The host of U.S. radar-based weapons are all vulnerable to ARMs. The E-3A AWACS has a superb radar antenna that can detect hundreds of targets simultaneously -- and can itself be seen at extremely long distances. An AS-4 or -6 could be launched 300-400 mi. away and home in on it with ease. The same is true for the 40 Aegis cruisers and destroyers destined for fleet service with the Navy. With hundreds of Soviet ARMs ready for firing from submarines, surface ships, aircraft, and land, a U.S. carrier battle group, heavily dependent on radar, might be in serious trouble, especially if the missiles were sea-skimmers.
At best, Navy countermeasures are limited against so simple a weapon. Sea-skimmers pop up over the radar horizon a bare 14 mi. away, and when radar does detect the missile, the radar reflections bounce off the waves, making it difficult to determine altitude, thus throwing off tracking. A third Soviet line of attack comes from their radar jammers, among the world's most powerful.
Pilots of B-1 and B-2 bombers penetrating Soviet airspace most likely will use terrain-following radar to stay low and avoid detection. Using inexpensive radar finders, like the fuzzbusters motorists use to avoid police speed traps, on hiss surrounded by flat terrain, the Soviets should have no trouble seeing the bombers coming. And Soviet radar homing and warning equipment can pick up VHF transmissions or over-the-horizon radar from distant approaching aircraft. In fact, the whole issue of stealth technology could become moot, if one considers that a radar antenna runs along the entire length of a B-2 wing's leading edge. Once in visual range, stealth is irrelevant. It is more than probable that an F-117 or a B-2 can be found, identified, and shot down using basic common sense. The F-117 has to make such wide turns that its survival in a visual air-to-air fight is precarious.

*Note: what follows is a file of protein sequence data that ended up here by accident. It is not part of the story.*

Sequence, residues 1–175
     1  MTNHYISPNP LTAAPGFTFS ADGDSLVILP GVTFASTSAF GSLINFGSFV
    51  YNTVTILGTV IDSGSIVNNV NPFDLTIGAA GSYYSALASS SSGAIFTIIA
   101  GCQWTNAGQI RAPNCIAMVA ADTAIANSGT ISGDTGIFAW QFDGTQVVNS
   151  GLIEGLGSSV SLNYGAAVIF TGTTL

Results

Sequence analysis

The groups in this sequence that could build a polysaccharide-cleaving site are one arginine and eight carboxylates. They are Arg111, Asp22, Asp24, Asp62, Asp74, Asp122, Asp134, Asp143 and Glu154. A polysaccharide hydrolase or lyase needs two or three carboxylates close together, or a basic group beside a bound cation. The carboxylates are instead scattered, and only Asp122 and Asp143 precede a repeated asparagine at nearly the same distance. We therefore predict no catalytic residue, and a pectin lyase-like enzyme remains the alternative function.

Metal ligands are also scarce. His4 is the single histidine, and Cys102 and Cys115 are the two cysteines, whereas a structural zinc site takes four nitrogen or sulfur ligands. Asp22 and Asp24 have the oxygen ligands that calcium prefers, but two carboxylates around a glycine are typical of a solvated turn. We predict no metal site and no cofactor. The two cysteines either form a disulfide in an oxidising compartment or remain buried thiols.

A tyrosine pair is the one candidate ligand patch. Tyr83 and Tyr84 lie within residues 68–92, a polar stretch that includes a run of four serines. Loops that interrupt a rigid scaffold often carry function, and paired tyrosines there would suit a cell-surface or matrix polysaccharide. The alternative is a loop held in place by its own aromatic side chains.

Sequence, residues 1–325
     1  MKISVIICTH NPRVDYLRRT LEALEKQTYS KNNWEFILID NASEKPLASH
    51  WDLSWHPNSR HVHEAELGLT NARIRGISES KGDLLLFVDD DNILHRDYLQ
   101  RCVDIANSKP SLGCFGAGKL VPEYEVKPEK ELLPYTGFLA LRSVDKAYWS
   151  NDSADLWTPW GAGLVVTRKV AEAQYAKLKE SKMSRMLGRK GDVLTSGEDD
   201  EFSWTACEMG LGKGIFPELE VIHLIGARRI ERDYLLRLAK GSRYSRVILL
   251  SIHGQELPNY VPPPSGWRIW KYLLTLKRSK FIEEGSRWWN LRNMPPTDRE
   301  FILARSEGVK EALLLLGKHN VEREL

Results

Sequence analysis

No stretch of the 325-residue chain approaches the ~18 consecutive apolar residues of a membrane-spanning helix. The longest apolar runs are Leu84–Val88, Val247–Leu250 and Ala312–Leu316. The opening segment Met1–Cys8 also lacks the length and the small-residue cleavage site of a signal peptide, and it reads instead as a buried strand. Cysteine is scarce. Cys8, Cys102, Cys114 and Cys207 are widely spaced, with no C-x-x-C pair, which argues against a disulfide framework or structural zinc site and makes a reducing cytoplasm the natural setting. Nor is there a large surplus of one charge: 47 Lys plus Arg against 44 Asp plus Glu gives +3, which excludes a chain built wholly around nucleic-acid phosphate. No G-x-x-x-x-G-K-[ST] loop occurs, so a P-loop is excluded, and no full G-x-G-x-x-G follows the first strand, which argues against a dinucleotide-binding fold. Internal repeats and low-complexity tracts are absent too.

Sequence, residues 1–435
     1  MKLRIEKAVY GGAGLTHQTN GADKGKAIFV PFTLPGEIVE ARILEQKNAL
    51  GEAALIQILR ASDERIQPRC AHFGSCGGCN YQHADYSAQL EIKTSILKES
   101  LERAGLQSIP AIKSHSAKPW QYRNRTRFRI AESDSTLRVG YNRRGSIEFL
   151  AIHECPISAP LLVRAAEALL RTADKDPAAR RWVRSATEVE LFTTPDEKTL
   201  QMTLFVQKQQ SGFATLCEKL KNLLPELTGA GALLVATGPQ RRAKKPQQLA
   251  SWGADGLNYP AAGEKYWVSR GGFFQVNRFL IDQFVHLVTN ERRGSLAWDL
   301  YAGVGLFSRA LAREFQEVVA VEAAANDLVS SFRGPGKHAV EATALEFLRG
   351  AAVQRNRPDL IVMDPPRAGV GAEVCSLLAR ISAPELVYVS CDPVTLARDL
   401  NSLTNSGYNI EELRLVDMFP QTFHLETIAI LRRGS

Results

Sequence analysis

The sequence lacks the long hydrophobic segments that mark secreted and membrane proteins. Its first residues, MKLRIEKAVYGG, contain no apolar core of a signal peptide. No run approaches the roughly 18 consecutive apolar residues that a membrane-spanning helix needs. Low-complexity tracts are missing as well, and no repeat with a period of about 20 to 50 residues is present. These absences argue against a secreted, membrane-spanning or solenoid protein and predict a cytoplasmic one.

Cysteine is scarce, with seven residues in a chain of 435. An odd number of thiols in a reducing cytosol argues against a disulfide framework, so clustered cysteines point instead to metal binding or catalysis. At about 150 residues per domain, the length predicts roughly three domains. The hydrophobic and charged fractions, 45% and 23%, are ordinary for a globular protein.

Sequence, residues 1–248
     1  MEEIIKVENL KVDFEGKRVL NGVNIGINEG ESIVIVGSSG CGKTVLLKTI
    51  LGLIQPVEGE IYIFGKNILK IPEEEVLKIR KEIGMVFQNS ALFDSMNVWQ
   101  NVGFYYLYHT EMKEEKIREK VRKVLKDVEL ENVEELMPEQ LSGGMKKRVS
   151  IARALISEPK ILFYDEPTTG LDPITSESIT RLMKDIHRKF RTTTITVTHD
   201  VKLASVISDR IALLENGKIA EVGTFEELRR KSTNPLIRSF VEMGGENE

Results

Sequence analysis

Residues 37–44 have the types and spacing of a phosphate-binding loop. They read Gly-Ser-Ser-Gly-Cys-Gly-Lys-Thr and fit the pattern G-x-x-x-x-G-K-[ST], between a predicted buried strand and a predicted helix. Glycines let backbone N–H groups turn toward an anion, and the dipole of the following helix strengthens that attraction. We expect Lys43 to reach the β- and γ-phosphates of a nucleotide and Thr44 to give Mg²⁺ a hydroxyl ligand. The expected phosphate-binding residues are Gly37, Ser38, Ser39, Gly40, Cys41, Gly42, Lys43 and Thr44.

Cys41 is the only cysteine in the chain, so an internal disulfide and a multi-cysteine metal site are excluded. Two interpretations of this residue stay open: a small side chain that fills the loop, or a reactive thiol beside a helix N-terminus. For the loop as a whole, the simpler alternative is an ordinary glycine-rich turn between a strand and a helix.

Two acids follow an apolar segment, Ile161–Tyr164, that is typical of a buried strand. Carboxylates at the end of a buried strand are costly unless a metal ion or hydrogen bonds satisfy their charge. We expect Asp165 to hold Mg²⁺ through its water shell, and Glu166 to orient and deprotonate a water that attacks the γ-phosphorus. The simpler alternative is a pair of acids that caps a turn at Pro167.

Myers, who proposed the first stealth aircraft ideas under Project Harvey (after the famous invisible rabbit), is extremely disappointed over where things have ended up. He recommended a small, inexpensive aircraft that would be hard to find with radar and eye. Yes, payload would have been small, but the idea was to confuse the opposition. "Suppose I weigh only 75 lb, with the payload of a hatpin, but I'm visible," he says. "How much trouble and chaos could I cause in the enemy camp?" A small aircraft carrying a small ARM and a gun, Myers' original stealth plane was to effectively blind the enemy by taking out radar vans and emplacements. The F-117 seems to have a similar mission, but had to be bigger to carry weapons like the Maverick missile as required by current Air Force doctrine.
Still, a growing number of soldiers and analysts are asking tough questions about the future of radar warfare. "We cannot go around radiating signals," says Amlie. "The French sell a missile to the entire Third World that will hit an Aegis every time. We are building a peacetime military that will never be effective in combat."